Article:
January 25, 2010

Tom LaDuke: Exposing handmade deceptions


Tom LaDuke,"A Gothic Plot," 2009, oil and acrylic on canvas over panel. 60 x 80"


 Tom LaDuke, "You're Like Me,"2010, oil and acrylic on canvas over panel, 75 x 100"


Installation view

In the LA Times, Christopher Knight reviews Tom LaDuke's show at Angles Gallery, which recently opened in Blum and Poe's old space on La Cienega. Knight calls LaDuke a latter-day Romantic, in full revolt against digital-age norms. "All of LaDuke's paintings are layered, shifting between abstraction and representation and with bits of suggestive visual information that don't coalesce. In one, a precarious stack of cardboard boxes is interrupted by elements of Jan van Eyck's 1434 'Arnolfini Wedding Portrait,' in which the painter acted as a literal witness to the marital union. In another, a pack of hunters and their dogs from a wintry picture by Pieter Brueghel the Elder seems to descend onto Isabella Rossellini's luminous face in a still from the 1986 movie 'Blue Velvet.'

"In all of these, a sinister (or at the very least melancholic) world lies just beneath the surface of perception. Light –whether directly experienced, reflected, remembered or depicted – is critical. Taking a page from Gerhard Richter, albeit in his own distinctive way, LaDuke exploits a painting's capacity for exposing handmade deceptions – a useful tool in a culture awash in the slippery photographic phantoms of reproduction. One of the nicest touches in these large-scale paintings is the little cliffs of oil paint that hang precariously off the edges of the canvas. LaDuke emphasizes materiality, even when his own deft handling suppresses the paintbrush's tracks."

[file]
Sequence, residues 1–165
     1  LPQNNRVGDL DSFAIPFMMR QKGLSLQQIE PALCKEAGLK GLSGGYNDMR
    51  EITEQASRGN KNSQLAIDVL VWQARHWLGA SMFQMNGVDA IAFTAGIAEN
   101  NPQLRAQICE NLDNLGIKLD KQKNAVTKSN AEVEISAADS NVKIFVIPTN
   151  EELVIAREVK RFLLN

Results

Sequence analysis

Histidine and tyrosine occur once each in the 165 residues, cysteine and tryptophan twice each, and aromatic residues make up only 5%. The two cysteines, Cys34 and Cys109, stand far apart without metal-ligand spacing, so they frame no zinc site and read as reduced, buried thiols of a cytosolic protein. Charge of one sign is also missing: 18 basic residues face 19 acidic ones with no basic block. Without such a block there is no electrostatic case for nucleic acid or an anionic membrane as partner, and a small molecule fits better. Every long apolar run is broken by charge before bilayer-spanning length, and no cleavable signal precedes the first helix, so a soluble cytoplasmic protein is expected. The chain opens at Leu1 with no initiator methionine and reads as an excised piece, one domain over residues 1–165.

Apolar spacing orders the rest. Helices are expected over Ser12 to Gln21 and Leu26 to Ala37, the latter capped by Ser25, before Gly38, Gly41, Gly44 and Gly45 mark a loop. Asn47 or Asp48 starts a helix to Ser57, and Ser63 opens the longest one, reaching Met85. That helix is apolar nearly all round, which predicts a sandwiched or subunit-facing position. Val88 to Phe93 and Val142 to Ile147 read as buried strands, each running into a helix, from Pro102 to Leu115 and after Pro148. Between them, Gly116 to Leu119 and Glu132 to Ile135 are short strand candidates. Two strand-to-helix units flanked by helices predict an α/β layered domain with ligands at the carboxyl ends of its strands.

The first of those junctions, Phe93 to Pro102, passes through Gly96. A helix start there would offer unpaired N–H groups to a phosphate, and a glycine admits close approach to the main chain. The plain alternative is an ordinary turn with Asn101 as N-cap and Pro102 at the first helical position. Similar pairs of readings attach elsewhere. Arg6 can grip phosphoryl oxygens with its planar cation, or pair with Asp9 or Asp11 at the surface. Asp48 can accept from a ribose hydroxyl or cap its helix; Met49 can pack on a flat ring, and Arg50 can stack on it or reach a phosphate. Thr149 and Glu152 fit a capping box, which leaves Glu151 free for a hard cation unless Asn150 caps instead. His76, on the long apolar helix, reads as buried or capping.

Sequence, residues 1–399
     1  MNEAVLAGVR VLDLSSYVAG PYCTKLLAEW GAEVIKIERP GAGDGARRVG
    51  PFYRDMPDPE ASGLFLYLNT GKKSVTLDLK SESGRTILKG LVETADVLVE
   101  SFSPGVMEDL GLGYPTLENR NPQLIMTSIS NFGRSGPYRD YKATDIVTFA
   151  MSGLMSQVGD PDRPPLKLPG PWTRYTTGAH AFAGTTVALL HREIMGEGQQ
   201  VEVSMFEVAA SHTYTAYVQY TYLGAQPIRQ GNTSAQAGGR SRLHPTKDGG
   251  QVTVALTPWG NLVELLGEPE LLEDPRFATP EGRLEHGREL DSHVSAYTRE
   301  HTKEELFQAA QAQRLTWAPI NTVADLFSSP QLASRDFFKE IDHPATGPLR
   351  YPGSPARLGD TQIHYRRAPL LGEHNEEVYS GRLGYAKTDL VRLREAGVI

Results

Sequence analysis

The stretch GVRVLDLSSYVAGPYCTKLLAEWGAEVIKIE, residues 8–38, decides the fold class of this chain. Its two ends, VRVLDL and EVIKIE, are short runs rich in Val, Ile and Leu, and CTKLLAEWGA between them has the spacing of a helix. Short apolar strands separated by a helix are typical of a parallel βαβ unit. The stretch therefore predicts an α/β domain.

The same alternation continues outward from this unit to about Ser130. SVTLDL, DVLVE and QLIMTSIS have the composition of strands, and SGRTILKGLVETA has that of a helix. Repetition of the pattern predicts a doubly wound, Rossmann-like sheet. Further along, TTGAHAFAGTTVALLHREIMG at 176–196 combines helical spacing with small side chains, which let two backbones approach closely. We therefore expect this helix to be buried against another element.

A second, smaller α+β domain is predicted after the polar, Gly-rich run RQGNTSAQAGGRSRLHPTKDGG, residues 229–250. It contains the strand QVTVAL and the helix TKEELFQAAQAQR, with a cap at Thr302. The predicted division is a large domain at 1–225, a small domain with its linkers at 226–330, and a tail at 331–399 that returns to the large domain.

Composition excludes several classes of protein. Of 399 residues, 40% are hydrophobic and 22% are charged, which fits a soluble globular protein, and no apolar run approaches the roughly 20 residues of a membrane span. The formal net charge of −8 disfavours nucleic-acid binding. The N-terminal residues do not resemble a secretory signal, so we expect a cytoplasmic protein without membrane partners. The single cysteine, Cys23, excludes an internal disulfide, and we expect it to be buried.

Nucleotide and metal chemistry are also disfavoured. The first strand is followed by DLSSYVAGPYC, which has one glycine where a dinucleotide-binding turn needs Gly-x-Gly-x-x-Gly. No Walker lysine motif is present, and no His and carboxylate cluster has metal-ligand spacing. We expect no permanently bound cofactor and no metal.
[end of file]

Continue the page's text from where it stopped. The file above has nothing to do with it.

"Tom LaDuke: Auto Destruct," Angles Gallery,  Los Angeles, CA. Through February 20, 2010.

2 comments:

i'm a little bummed laduke's painting over his 'foggy' grey compositions .. but if it gets him someplace new i suppose it's for the best.

"hanging precariously" is absolutely right. strictly speaking from an art conservators perspective -I studied at the Courtald Institute of Art and have worked closely with the Tate, this is not a very good idea (even if it looks neat) just as most gimmicks in painting are not a very good idea. The reason is this, Oil Paint applied over any sort of Acrylic Paint -including airbrush, be it attached to a firm panel or applied upon a fabric support will eventually pull away from and break free from the surface, ie. either peel, flake or crack off, due to the varying drying rates and lack of absorbtion of these two very incompatable mediums-Oil Paint gets a lot less flexible over time while Acrylic paint remains extremely flexible, both continually expanding and retracting at differing rates due to humidity, temperature and so on-impasto would only exacerbate the problem-scientifically speaking Oil & Acrylic should never be mixed. unless it is intentional and that is what the artist means by "Auto Destruct" he would do very well to keep it all one medium or the other if he wants his work to last